Type of Document Dissertation Author Galeano, Rebecca Ann Author's Email Address firstname.lastname@example.org URN etd-03312006-172654 Title Development of Bilingual Communicative Competence through Play: A Case Study Degree Doctor of Philosophy Department Middle and Secondary Education, Department of Advisory Committee
Advisor Name Title Deborah Hasson Committee Chair Angela Lupo Anderson Committee Member Eleni Pappamihiel Committee Member Micheal Uzendoski Committee Member Keywords
- Second Language Acquistion
- Sociocultural Theory
- Language Development
Date of Defense 2006-03-01 Availability unrestricted AbstractThis study examined ways in which a simultaneously bilingual child increased her productive communicative ability in her weaker language through interaction in pretend play with more capable peers. Resting in the framework of Vygotskian sociocultural theory, this case study focused on the language development of a four year old child as she engaged in unstructured play with peers ranging from 5-9 years old. In order to create a simulated immersion setting, the researcher and her family moved to a predominately Hispanic trailer park so their daughter could interact with other children through play. Play sessions were recorded 2 to 3 times per week over a five week period. Data was transcribed and analyzed using the CHILDES Child Language Data Exchange System.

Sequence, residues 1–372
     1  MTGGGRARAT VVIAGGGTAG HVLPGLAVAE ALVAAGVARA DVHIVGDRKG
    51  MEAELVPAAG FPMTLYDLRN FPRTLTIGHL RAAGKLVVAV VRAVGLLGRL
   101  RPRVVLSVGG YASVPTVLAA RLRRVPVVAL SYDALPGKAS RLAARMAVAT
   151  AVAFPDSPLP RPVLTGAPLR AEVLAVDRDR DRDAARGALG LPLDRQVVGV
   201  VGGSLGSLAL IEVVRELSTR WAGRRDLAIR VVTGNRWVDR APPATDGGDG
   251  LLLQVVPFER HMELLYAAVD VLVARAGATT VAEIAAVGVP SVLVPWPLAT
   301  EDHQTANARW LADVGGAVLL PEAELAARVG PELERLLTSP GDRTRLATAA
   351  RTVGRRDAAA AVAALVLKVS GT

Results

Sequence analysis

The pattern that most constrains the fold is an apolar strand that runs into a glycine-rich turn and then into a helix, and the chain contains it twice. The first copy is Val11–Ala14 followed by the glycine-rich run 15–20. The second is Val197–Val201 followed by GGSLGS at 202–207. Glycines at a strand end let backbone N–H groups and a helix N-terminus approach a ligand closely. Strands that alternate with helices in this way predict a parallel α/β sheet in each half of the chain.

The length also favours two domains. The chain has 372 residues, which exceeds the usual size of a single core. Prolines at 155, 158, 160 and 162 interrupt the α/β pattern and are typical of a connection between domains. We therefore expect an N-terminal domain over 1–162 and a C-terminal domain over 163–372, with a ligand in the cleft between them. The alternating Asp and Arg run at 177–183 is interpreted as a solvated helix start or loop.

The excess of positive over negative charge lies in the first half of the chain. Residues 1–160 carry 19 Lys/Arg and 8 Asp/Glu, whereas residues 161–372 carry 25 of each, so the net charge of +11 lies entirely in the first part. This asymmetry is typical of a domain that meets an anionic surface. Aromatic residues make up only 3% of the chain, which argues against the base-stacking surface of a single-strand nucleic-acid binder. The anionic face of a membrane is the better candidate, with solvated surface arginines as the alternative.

Analysis revealed ways in which peer playmates scaffolded linguistic production
and participation. Production was scaffolded as playmates worked with the less proficient learner to collaboratively construct utterances by providing direct translations in Spanish, asking leading questions, and explicitly correcting mistakes through modeling. Scaffolding of participation occurred as playmates dictated lines to the less proficient peer and used phrases which cued her participation.
Productive proficiency increased as the learner incorporated a range of
different linguistic functions into her speech: describing ongoing events in the present tense, discussing past events using the preterit, expressing wants and needs, discussing preferences, expressing feelings, asking questions, describing objects or actions using adjectives and adverbs, using command forms to affect the behavior of peers, and using possessive adjectives, possessive pronouns, and object pronouns to specifically describe events. Analysis found that this child used her peers’ speech as a mediational tool in order to verbally participate in interactions by incorporating linguistic structures, vocabulary and phrases into her own speech or repeating the speech of others. Other identified participation techniques included repetition of her utterances, asking playmates for direct translation or clarification, and using commands to gain attention in order to take the floor. Coping strategies were also identified. Findings also included ways in which playmates scaffolded the less proficient child’s participation in the telling of collective narratives by providing topics, appropriating turns, and elaborating on content.
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